The Rise of Women in Ancient Greece: Michael Scott Looks at How a Time of Crisis in the Fourth Century BC Proved a Dynamic Moment of Change for Women in the Greek World

By Scott, Michael | History Today, November 2009 | Go to article overview

The Rise of Women in Ancient Greece: Michael Scott Looks at How a Time of Crisis in the Fourth Century BC Proved a Dynamic Moment of Change for Women in the Greek World


Scott, Michael, History Today


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The sources that survive from ancient Greece are overwhelmingly written by men for men. The surviving physical evidence--temples, buildings and battle memorials--all speak of a man's world. Surviving works of art feature women in various guises, but rarely give an insight into any other kind of world except that in which women were controlled, contained and often exploited. Even ancient Athenian democracy, which the modern world honours, denied women the vote. The place of women in ancient Greece is summed up most acutely by the historian Thucydides writing in the fifth century BC when he comments: 'The greatest glory [for women] is to be least talked about among men, whether in praise or blame?

Yet in the last 50 years or so a revolution has taken place. Fuelled by the rapid evolution in the roles of women in modern society, historians have taken a fresh look at women in ancient Greece. The result has been a change in the depth and nature of our understanding of them. The range of female influence and experience has slowly been brought to the fore: from the divine power of the female gods to the social and religious power of female priests, from the model women of Homer to the anti-heroines of myth and drama, from women who were the power behind the throne to those who wore the crown themselves, from female-enforced prostitution to female-authored sex manuals and poems of literary genius.

In a single lifetime, between the fall of Athens in 404 BC and the rise of Alexander the Great in the 330s BC, the Greek world was turned on its head. What does the tale of this brutal dawn reveal about the role of women in ancient Greece? The transformations that occurred were motivated in part by the catastrophic effects of the Peloponnesian War, the 30-year conflict which had brought democratic Athens to its knees. In response to the increased poverty that resulted, Greek women began to work outside the home. The orator Demosthenes, writing in the middle of the fourth century, complained that they now worked as nurses, wool-workers and grape-pickers on account of the city's penury. This primarily economic drive was coupled with great political upheaval, an increasingly muddled distinction between public and private worlds and new forms of religious expression. In different parts of ancient Greece women become visible for different reasons. In Athens they appear centre stage in comic discussions of sexual and political equality and in the law courts on issues relating to citizenship. In Sparta, women emerge as landowners and are portrayed in training for motherhood and athletics. Throughout Greece, new forms of expression for women are evident that were energetically taken up in response both directly and inadvertently to the unpredictable world around them.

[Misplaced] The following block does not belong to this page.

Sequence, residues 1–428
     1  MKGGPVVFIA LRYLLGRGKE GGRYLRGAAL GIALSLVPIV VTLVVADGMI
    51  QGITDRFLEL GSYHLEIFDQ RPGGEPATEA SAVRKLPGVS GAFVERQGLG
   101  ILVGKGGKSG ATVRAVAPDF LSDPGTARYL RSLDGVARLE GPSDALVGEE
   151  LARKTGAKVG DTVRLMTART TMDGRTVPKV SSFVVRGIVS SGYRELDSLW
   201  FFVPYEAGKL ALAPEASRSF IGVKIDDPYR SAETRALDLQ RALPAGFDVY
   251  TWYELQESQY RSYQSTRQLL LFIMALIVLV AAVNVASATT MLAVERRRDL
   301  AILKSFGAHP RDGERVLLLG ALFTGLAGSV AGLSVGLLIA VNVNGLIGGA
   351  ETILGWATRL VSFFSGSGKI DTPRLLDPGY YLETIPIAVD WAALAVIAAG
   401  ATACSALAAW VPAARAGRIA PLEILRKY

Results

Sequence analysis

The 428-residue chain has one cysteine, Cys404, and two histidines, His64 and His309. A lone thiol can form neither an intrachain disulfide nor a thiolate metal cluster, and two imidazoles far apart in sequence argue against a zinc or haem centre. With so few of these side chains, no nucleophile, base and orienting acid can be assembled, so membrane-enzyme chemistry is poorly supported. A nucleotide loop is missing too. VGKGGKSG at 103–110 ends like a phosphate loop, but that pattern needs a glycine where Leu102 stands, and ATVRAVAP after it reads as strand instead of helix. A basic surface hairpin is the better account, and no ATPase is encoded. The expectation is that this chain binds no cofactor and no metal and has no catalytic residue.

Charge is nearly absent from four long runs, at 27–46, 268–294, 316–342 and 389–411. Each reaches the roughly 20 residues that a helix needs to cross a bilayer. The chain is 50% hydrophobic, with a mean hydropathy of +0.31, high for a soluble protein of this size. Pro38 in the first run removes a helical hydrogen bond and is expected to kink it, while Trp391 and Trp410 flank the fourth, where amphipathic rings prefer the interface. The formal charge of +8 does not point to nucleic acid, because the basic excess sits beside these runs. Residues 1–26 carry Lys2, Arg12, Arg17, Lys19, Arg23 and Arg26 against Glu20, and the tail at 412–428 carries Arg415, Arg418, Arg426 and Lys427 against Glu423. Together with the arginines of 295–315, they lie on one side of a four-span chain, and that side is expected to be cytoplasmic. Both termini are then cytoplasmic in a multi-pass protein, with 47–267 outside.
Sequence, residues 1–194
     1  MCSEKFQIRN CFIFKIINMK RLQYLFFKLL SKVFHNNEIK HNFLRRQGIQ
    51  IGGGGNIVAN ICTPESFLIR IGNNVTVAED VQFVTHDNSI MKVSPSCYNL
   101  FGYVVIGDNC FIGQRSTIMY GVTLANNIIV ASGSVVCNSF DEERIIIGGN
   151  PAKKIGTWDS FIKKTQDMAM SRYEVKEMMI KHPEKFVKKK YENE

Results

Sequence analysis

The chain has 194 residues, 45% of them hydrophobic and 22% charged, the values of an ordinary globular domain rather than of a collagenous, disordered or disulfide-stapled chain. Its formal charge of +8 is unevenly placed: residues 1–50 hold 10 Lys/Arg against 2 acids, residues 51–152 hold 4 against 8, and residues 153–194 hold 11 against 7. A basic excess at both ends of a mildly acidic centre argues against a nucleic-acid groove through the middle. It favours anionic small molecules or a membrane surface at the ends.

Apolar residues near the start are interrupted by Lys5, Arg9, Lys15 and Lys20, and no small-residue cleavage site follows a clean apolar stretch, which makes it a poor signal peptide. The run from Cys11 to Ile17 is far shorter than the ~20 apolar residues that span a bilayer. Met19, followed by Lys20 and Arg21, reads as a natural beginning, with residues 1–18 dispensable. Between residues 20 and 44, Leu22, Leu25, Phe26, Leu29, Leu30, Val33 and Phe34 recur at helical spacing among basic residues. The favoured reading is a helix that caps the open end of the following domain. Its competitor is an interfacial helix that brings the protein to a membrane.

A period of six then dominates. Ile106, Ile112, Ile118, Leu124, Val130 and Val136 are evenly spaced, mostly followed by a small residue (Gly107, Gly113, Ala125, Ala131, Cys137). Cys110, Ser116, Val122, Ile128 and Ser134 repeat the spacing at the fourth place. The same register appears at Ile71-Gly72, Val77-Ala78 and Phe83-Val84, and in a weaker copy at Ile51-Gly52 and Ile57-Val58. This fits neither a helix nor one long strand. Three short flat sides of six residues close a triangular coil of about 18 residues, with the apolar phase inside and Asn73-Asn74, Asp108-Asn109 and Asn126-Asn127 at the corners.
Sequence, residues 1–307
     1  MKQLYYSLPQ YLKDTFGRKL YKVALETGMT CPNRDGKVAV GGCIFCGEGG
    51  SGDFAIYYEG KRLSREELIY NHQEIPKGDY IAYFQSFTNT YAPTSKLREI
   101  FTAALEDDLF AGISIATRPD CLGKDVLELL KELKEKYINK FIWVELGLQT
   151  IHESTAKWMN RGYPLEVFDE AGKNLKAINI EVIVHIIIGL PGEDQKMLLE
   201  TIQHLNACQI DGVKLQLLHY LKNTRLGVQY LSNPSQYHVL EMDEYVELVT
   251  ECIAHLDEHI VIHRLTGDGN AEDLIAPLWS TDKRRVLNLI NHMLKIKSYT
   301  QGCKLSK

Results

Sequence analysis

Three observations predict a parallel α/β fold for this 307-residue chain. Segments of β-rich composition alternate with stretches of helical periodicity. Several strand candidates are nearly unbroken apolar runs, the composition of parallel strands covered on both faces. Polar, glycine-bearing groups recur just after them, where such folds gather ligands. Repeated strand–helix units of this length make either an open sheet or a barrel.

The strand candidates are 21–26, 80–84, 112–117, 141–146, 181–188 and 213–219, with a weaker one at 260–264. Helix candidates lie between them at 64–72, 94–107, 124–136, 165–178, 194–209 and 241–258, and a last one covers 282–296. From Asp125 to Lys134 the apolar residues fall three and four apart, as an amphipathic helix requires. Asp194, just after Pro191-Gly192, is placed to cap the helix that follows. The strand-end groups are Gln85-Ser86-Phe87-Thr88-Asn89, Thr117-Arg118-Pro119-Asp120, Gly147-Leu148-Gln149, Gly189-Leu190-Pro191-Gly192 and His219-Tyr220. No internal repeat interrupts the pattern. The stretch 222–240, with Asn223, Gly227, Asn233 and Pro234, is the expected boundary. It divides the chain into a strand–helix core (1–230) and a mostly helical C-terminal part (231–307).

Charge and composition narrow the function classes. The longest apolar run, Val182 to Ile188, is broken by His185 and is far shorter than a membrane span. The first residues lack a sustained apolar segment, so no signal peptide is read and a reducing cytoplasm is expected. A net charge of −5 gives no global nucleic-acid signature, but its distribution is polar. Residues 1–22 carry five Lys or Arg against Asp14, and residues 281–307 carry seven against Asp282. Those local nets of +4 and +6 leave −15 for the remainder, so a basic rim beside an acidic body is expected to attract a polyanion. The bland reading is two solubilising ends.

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In 395 BC, just nine years after Athens had suffered catastrophic defeat in war, internal political revolution and the loss of its world empire, the comic playwright Aristophanes wrote and produced a play called Women in the Assembly (Ecclesiazusae). The plot is simple and striking. The women of Athens are fed up with the mess men have made of the city and its affairs. They infiltrate the political assembly and persuade it to hand over all power to the women. Now in control, women set about reforming Athens. Their specific target is the growing disjuncture between the haves and the have-nots. The women institute a radical reform agenda in which everyone is to be made equal in all aspects of their lives (a policy echoed in the works of the philosopher Plato, writing at this time). Such equality would even apply to the sex lives of Athenian citizens. If a man wanted to go to bed with a good-looking woman, or a woman wanted to sleep with a handsome man, the man would first have to have sex with an ugly woman and the woman with an ugly man--to ensure that everyone got a fair share of the treats. …

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